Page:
Forgive the spam, but I'm trying to round up wikipedians with an interest in international military history to help work out some conventions for the names of military units. If you are interested in that sort of thing, please visit Wikipedia:Naming conventions (military units) and join the discussions on the talk page. — B.Bryant 17:48, 15 Apr 2005 (UTC)
See Also reordering
The See Also section at the moment includes 22 links. I think that they should be reviewed, the less useful links should be removed and the remaining should be logically grouped. GhePeU 22:41, 19 September 2005 (UTC)
- Now the links are 29. Way too much, if nobody steps in I'm going to clean up the section. GhePeU 10:07, 23 October 2005 (UTC)
Failed to summary my edit, but included disambiguation link to Juggling (since International Jugglers' Association is not yet created). As a juggler, IJA refers to the association. Google has top hit IJA-> juggle.org --CzarB 04:39, 21 February 2006 (UTC)
I find it hard to believe wikipedia users would find casualty pictures acceptable on a page about the military of the United States.
I am puzzled as to why 2 brutal images of fallen Japanese soldiers is appropriate here.
Wkimmerle 18:29, 8 July 2007 (UTC)
- I see that they have been removed.--126.96.36.199 18:23, 1 September 2007 (UTC)
and replaced. I think this is a valid point, is an image of a man with his face shot off really suitable for a encyclopedia? Would an image of a dead american be tolerated on the US Army page? Would this image be suitable for viewing by a child? I think the answer to all three of these questions is no. Chris1012 —Preceding comment was added at 19:44, 26 October 2007 (UTC)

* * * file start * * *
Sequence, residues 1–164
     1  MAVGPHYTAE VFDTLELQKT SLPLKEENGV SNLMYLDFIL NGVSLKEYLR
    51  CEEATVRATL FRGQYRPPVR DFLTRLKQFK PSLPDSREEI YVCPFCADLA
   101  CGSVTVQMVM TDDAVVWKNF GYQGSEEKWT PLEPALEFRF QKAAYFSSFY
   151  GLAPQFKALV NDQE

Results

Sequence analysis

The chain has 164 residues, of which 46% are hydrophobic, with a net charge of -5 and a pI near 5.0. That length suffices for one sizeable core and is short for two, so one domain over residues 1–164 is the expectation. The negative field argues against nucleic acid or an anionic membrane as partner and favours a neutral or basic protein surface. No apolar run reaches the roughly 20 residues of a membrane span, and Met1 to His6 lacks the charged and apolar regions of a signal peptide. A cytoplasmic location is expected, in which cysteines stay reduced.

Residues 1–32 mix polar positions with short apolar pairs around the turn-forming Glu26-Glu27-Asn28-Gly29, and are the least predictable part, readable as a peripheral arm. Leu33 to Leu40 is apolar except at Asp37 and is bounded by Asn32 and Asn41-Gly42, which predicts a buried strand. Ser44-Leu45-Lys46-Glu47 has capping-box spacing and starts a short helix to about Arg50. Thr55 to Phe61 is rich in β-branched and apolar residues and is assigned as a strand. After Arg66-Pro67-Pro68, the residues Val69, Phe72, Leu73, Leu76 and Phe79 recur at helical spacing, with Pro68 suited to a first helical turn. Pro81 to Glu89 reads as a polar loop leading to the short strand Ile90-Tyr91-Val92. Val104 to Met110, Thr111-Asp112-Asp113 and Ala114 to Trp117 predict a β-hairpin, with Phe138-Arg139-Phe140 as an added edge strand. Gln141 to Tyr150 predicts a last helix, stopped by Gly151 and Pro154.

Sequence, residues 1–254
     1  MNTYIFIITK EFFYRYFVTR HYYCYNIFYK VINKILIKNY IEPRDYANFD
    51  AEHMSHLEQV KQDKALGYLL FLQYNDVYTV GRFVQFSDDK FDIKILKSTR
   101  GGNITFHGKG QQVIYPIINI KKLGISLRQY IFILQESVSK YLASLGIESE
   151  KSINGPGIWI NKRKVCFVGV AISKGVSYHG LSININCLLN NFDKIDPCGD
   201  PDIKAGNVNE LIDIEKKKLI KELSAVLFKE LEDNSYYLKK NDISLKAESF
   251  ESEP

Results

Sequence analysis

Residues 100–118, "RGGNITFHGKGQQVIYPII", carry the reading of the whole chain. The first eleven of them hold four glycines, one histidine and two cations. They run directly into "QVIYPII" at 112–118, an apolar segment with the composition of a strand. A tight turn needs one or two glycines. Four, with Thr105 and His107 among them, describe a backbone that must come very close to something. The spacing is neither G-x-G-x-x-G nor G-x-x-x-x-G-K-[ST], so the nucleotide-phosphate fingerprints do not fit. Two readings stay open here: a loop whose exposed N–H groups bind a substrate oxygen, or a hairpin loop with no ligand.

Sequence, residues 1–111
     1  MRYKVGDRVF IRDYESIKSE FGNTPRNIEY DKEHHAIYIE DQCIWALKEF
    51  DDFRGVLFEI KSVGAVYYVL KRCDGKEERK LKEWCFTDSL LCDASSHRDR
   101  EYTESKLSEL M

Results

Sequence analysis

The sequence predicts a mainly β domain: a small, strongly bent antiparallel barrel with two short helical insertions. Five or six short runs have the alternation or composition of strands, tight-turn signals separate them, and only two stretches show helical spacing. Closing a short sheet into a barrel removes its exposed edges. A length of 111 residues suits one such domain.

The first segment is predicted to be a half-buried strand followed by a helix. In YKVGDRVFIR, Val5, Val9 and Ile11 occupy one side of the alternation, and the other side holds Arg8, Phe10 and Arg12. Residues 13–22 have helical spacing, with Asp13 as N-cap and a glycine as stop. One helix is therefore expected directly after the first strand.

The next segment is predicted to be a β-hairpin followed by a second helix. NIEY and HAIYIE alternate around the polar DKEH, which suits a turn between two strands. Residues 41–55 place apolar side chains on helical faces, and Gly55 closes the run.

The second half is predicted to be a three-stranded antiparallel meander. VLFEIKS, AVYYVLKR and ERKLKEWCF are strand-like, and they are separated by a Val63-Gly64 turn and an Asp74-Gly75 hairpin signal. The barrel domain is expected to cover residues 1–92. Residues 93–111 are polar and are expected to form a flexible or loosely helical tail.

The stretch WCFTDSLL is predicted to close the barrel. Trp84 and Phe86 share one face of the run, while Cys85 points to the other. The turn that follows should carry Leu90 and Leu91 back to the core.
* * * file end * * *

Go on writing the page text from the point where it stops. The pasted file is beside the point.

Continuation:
Removed pictures of dead as unneeded for this article.--188.8.131.52 23:47, 12 November 2007 (UTC)
How come only panflets dropped by the allies contained the truth and the planflets distributed among the Japanese Army false? I really think the author is taking sides. —Preceding unsigned comment added by 184.108.40.206 (talk) 02:10, 3 February 2009 (UTC)
I've re-assessed this article as a Start class article for the Military History project as it does not meet the project's criteria for referencing. (Please note the project does not use C class as a rating, so if it is not a B then it must be a C). For a Mil hist B class rating, as a general rule an article requires at least one in-line citation per paragraph, or more if multiple sources are used for a paragraph or multiple contestable points are made (e.g. values, dates, analysis, etc.). I've added a few citations in where I have a source, but only have one book, so if others want to try work on the article adding citations, hopefully it can be built up to a B class. If you wish for a re-assessment, this can be requested at WP:MHA. If you wish for a more in depth review, you might consider a peer view. Cheers. — AustralianRupert (talk) 03:17, 15 December 2009 (UTC)
I think that this article should include information about non-Japanese (Filipinos, Koreans, Manchurians, Taiwanese) people who served in the Japanese Army during WW2. —Preceding unsigned comment added by 220.127.116.11 (talk) 04:28, 8 January 2010 (UTC)
Final Paragraph Under fanaticism and war crimes is unclear in several places
I would like to raise several points of ambiguity for discussion. I have refrained from making any changes until I see if there is some consensus on what the paragraph is actually trying to say.